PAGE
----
WASHINGTON – British lawmaker George Galloway denounced U.S. senators on their home turf Tuesday, denying accusations that he profited from the U.N. oil-for-food program and accusing them of unfairly tarnishing his name.
Sen. Norm Coleman, R-Minn., questioned Galloway’s honesty and told reporters, “If in fact he lied to this committee, there will have to be consequences.”
Galloway’s appearance was an odd spectacle on Capitol Hill: A legislator from a friendly nation, voluntarily testifying under oath, without immunity, at a combative congressional hearing where neither side showed much pretense of diplomatic niceties.
“Now, I know that standards have slipped over the last few years in Washington, but for a lawyer, you’re remarkably cavalier with any idea of justice,” Galloway told Coleman, chairman of the Homeland Security and Governmental Affairs investigation subcommittee.
He then accused Coleman of maligning his name before giving him a chance to defend himself and of using the oil-for-food investigation to hide the failures of U.S. policies in
“Senator, this is the mother of all smoke screens,” he said.
The panel is one of several congressional committees investigating allegations that
Saddam Hussein manipulated the $64 billion oil-for-food program to get kickbacks and build international opposition to U.N. sanctions against Iraq imposed after Saddam’s 1990 invasion of Kuwait. The program was created as an exception to the sanctions, allowing Saddam to sell oil and use the proceeds to buy food and other humanitarian items.
Coleman’s panel last week released documents that it says shows that Galloway and other international figures received valuable oil allocations from Saddam to reward them for their opposition to sanctions. The allocations could be resold for a profit. Among the officials identified besides Galloway were former French Interior Minister Charles Pasqua and Russian politician Vladimir Zhirinovsky, both of whom denied wrongdoing.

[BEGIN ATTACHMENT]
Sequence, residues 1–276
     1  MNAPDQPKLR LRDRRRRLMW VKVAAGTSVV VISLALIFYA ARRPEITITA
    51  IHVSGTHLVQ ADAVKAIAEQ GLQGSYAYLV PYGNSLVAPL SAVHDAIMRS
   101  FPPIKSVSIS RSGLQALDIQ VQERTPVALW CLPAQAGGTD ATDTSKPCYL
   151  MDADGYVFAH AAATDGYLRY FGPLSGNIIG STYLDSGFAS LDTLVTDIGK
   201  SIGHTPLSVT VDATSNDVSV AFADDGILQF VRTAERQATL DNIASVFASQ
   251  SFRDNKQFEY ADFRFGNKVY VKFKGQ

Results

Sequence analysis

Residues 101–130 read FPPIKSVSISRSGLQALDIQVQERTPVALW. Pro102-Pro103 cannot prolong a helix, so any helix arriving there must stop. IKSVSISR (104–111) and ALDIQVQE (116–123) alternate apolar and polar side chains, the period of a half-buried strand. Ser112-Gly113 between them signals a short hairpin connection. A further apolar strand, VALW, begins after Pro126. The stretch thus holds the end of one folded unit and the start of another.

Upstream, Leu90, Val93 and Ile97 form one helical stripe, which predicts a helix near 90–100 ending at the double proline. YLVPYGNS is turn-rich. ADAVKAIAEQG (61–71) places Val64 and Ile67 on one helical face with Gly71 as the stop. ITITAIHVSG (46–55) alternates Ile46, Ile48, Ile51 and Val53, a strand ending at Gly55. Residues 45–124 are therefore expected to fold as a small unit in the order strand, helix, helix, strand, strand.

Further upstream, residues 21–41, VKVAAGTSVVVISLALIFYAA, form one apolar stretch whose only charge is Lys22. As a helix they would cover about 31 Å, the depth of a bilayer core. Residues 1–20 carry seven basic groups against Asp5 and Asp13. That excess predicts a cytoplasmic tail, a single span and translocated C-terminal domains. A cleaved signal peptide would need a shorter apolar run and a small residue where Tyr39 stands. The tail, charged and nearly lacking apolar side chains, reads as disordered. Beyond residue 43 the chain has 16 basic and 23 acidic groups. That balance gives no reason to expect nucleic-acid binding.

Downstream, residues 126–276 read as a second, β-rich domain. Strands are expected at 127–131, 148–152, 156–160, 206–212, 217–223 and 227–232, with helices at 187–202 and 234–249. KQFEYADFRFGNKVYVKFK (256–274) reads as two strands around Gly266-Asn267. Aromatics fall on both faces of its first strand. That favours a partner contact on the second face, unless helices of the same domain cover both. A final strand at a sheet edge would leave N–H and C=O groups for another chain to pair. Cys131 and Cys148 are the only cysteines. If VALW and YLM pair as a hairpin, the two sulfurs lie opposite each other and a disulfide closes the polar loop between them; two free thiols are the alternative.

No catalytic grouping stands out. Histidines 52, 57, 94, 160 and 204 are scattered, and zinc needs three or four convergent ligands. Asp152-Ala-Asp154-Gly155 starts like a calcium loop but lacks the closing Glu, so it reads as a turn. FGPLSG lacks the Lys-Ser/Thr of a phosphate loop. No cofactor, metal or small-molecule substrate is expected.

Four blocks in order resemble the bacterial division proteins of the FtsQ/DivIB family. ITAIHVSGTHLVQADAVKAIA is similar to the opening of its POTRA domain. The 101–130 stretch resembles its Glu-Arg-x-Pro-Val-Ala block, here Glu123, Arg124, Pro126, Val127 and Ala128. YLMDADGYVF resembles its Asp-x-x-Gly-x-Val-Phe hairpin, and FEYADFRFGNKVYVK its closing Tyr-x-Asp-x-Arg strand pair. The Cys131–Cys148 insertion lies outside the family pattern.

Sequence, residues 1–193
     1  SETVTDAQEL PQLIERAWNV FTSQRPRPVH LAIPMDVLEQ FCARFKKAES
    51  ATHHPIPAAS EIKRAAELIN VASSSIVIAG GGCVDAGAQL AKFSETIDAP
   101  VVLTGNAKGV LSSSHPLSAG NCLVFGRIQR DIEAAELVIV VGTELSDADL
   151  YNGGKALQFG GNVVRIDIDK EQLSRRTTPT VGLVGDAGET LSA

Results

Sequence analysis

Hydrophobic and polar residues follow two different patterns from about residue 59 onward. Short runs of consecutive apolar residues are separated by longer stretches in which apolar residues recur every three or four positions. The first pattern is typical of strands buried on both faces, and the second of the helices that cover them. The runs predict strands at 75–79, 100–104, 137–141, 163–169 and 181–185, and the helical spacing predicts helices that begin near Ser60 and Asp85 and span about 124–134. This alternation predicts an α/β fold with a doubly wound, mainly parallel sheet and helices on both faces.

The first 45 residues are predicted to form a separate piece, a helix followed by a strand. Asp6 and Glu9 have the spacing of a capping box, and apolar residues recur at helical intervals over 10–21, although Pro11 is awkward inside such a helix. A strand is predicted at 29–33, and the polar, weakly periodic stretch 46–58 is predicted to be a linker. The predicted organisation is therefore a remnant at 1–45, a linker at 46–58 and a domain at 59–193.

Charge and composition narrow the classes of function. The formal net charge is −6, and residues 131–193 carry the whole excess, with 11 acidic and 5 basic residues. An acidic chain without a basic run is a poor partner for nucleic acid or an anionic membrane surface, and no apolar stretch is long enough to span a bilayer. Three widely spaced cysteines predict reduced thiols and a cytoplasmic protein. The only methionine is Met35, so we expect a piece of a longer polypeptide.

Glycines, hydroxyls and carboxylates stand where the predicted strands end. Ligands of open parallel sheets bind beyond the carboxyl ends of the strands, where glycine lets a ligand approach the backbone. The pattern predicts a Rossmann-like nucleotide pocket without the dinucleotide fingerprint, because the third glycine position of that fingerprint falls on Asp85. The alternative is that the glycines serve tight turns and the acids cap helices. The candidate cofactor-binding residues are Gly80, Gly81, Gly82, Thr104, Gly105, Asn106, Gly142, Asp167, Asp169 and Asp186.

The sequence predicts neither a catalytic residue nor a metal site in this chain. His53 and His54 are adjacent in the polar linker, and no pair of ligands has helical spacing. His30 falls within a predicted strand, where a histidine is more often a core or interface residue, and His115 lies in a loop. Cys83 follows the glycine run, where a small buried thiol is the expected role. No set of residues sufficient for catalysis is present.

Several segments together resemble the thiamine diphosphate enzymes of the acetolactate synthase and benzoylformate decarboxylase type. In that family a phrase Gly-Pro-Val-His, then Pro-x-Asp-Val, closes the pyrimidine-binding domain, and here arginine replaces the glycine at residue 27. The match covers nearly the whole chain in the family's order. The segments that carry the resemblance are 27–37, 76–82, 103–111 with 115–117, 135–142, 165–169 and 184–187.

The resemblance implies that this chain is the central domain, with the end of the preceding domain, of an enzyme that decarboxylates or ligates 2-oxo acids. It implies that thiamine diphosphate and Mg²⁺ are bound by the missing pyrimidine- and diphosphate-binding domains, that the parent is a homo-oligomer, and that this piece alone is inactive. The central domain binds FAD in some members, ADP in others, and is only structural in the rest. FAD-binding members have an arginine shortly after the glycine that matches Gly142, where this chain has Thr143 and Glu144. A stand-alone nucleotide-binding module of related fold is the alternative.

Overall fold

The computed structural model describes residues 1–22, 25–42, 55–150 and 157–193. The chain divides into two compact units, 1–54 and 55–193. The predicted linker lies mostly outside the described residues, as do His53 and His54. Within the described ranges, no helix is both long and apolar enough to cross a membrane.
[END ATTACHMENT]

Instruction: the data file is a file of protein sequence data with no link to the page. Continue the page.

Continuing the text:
Coleman’s subcommittee claimed that Galloway funneled allocations through the Mariam Appeal — a fund he established in 1998 to help a 4-year-old Iraqi girl suffering from leukemia — and received allocations worth 20 million barrels from 2000 to 2003. Coleman also alleged that Galloway was linked to kickbacks to Saddam, saying the Iraqi leader received more than $300,000 in surcharges on allocations involving Galloway.
Galloway vehemently rejected the accusations.
“You have nothing on me, senator, except my name on lists of names from Iraq, many of which have been drawn up after the installation of your puppet government in Baghdad,” he said.
He said that Coleman’s panel based some of its accusations on the same fake documents used by The Daily Telegraph newspaper, which he sued for libel and won a $1.4 million libel judgment. The committee says it used different documents.
Coleman pressed Galloway on his relationship with Jordanian businessman Fawaz Zureikat. Galloway described Zureikat as the second largest contributor to the Mariam Appeal, while congressional investigators consider him Galloway’s intermediary in receiving oil proceeds.
Asked if he knew that Zureikat was involved in oil deals with Iraq in 2001, Galloway said he knew Zureikat was doing extensive business in Iraq, but didn’t know the details.
When Coleman reacted skeptically, Galloway told him, “There are lots of contributors to your political campaign funds. I don’t suppose you ask any of them how they made the money they give you.”
Galloway also said it was “beyond the realm of the ridiculous” that he would give $300,000 in kickbacks to Saddam.
Speaking to reporters after the hearing, both Coleman and the panel’s top Democrat, Sen. Carl Levin (news, bio, voting record) of Michigan, questioned Galloway’s credibility. Asked if Galloway violated his oath to tell the truth before the committee, Coleman said, “I don’t know. We’ll have to look over the record.”
Galloway has been an outspoken opponent of both Iraq wars and of the U.N. sanctions, which he said were killing innocent Iraqis. He was expelled from Prime Minister
Tony Blair’s Labour Party after urging British soldiers not to fight in Iraq. Galloway was recently re-elected to Parliament this month as a representative of his own anti-Iraq war Respect party.